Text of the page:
The Galaxy Ace Plus is running Gingerbread and has the latest version 4.0 of Samsung's custom TouchWiz launcher. The visually rich experience and extended functionality should be no news for users following Samsung and their Galaxy line. Of course, the company's high-end phones are about to move on to Ice Cream Sandwich but the Ace Plus has nothing to be ashamed of.
Here's a demo of the TouchWiz launcher on the Samsung Galaxy Ace Plus.
The redesigned lockscreen of the Ace Plus has the usual integration of missed events but doesn't go further. There're no shortcuts to different apps on the lockscreen, as seen on recent HTC phones and the Huawei Honor, to name a few.
The homescreen accommodates plenty of widgets with lots of functionality. You can have up to 7 homescreen panes. A pinch zoom brings you to an aggregate view of all homescreen panes, which can be rearranged, deleted or added.
Widgets, shortcuts or folders are pulled onto the homescreen from a drawer that appears at the bottom of the screen once you enter edit mode (press and hold on an empty spot or do Menu > Add).
In typical TouchWiz fashion, there are four shortcuts docked at the bottom of the screen that are visible both on the homescreen and in the app launcher. The first three are user configurable (Phone, Contacts, Messaging), the fourth one being locked. It's the app drawer/home shortcut so it makes sense to always keep it in the same place.
Adding widgets, shortcuts, folders or changing wallpapers is done by a context menu that pops up on demand from the bottom of the screen. You select a widget by swiping them left or right, enjoying a smooth animation throughout. You can also swipe each of the homescreen panes, which is a nice bonus functionality of TouchWiz 4.0.
The app launcher is very similar to the homescreen - you can create folders to go with your shortcuts and you can add, remove and rearrange pages just like you would homescreens.
You can choose List view instead of the regular grid view if you prefer. There's also a preview of all your app launcher screens for quicker browsing.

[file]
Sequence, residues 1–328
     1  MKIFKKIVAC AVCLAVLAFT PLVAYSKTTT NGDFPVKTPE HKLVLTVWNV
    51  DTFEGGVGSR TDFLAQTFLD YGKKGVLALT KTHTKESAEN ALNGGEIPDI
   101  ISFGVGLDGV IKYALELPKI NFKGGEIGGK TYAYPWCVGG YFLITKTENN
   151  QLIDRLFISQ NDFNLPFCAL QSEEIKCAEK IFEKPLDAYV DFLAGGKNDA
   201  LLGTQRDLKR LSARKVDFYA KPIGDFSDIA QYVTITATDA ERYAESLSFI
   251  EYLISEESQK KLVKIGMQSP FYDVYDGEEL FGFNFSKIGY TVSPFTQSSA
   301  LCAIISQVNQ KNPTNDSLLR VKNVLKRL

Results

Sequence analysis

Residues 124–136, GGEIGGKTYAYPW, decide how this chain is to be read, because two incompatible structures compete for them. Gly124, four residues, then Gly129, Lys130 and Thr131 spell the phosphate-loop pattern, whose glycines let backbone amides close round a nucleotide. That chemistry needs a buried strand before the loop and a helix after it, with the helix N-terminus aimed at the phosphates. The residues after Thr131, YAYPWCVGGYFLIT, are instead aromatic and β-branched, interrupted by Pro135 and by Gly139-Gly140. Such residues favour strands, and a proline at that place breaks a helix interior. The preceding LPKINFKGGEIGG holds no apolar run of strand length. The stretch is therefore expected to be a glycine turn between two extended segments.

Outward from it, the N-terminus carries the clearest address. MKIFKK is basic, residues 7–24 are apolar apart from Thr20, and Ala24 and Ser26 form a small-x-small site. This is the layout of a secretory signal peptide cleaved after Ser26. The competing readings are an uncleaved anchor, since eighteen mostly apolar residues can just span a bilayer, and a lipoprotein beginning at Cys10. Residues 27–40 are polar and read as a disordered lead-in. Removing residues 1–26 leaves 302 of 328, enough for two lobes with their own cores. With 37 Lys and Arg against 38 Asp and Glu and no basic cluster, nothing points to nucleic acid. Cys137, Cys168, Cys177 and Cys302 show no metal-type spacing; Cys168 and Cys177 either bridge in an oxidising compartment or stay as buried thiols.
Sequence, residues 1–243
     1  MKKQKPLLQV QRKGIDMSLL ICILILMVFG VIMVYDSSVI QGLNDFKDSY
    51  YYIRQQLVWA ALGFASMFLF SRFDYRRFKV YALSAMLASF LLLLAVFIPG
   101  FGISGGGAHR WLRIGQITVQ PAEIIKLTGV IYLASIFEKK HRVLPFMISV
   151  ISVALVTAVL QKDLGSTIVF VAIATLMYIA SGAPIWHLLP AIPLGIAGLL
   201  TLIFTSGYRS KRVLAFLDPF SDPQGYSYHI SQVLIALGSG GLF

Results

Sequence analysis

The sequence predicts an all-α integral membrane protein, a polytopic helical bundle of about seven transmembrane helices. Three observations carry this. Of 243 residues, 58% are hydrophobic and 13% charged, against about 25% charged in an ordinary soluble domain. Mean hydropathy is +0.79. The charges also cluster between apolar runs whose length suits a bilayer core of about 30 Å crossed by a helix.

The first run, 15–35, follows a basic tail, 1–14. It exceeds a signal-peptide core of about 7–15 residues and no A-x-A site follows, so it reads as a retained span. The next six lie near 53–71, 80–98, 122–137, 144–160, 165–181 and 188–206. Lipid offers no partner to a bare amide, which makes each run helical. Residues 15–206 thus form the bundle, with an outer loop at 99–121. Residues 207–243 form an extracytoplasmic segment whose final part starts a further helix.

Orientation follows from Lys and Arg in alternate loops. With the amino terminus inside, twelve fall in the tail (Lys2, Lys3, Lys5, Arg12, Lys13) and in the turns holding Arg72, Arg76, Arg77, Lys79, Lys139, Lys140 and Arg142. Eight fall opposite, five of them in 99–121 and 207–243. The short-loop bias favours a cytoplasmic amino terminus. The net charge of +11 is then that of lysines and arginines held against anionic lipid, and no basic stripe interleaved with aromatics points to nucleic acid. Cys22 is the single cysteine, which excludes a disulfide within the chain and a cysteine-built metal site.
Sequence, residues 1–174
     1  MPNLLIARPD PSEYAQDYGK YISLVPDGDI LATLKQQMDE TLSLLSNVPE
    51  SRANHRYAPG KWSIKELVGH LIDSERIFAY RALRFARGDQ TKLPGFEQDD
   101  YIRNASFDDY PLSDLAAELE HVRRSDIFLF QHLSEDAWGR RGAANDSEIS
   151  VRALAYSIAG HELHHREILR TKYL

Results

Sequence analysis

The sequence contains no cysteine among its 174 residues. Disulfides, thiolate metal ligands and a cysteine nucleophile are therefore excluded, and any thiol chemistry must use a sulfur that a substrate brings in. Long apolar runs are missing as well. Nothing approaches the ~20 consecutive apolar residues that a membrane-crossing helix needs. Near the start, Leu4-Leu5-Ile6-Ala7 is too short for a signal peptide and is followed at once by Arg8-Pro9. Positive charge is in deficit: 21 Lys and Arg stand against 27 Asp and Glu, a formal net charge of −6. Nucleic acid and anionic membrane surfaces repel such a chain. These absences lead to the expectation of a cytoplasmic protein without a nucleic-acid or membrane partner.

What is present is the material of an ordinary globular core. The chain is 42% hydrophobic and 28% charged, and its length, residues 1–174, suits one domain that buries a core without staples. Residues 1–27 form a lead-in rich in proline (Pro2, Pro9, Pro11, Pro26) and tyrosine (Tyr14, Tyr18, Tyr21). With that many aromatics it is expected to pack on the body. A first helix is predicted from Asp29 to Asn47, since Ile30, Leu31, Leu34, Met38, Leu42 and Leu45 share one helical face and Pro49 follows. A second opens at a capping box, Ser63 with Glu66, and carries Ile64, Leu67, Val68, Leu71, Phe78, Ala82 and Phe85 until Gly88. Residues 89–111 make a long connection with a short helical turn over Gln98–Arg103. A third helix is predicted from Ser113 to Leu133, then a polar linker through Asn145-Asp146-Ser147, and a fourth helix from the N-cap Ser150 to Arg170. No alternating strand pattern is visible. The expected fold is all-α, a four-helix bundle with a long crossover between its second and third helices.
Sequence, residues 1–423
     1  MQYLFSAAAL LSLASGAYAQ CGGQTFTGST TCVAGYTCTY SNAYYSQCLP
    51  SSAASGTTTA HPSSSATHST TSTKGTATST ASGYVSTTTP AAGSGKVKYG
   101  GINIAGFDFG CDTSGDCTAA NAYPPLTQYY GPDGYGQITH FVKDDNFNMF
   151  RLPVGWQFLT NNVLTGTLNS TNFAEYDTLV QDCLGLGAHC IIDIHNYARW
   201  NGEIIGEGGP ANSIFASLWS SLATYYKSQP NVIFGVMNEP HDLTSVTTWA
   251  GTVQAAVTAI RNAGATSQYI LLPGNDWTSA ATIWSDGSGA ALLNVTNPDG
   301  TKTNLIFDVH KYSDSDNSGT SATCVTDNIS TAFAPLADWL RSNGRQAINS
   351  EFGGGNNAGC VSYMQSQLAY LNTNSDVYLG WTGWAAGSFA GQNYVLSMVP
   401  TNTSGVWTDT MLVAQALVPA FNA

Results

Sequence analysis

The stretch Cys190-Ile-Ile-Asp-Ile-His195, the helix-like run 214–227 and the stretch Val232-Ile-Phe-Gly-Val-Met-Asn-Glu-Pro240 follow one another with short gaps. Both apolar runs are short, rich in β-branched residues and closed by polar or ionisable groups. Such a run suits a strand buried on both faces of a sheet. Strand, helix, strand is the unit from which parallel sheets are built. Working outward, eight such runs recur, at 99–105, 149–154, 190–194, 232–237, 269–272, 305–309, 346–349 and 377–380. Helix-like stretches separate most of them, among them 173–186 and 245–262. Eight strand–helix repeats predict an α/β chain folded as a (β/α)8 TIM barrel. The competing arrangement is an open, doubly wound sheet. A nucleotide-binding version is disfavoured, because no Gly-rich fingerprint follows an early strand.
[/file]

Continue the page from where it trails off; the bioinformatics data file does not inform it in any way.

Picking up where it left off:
The notification area has been slightly remodeled in TouchWiz 4.0, but there aren't any major changes to the functionality there.
With the Samsung Galaxy W I8150 you get a standard Android task switcher but with one modification - it has a button to launch a task manager.
The custom task manager, which Samsung have preinstalled, offers a lot of functionality. It also comes with a handy widget which shows you the number of active applications right on your homescreen.
Most of the time, Android does really well when it comes to managing apps by itself (in fact, some claim that using a task manager is detrimental to the performance of a phone), so you would only need the task manager to occasionally kill a buggy app.
Speaking of performance it's time to put the Galaxy Ace Plus to the test. It's a step up from the original Galaxy Ace with a faster processor.
The benchmark scores reflect the fact that this smartphone is only running a single core. Not that the Galaxy Ace Plus has anything to proove - it doesn't mind looking at the multiple-core beasts from a safe distance.
And here is a quick compare with the Galaxy Ace, which has an 800 MHz processor as opposed to the 1 GHz one of the Ace Plus.
Overall, the Galaxy Ace Plus is a solid performer nonetheless compared to other single core devices.
The phone didn't freeze or hang, and the general feel was fluid and responsive. A single core processor will be less capable when it comes to stuff like gaming. The Ace Plus supports Flash but embedded 720p videos were a no go.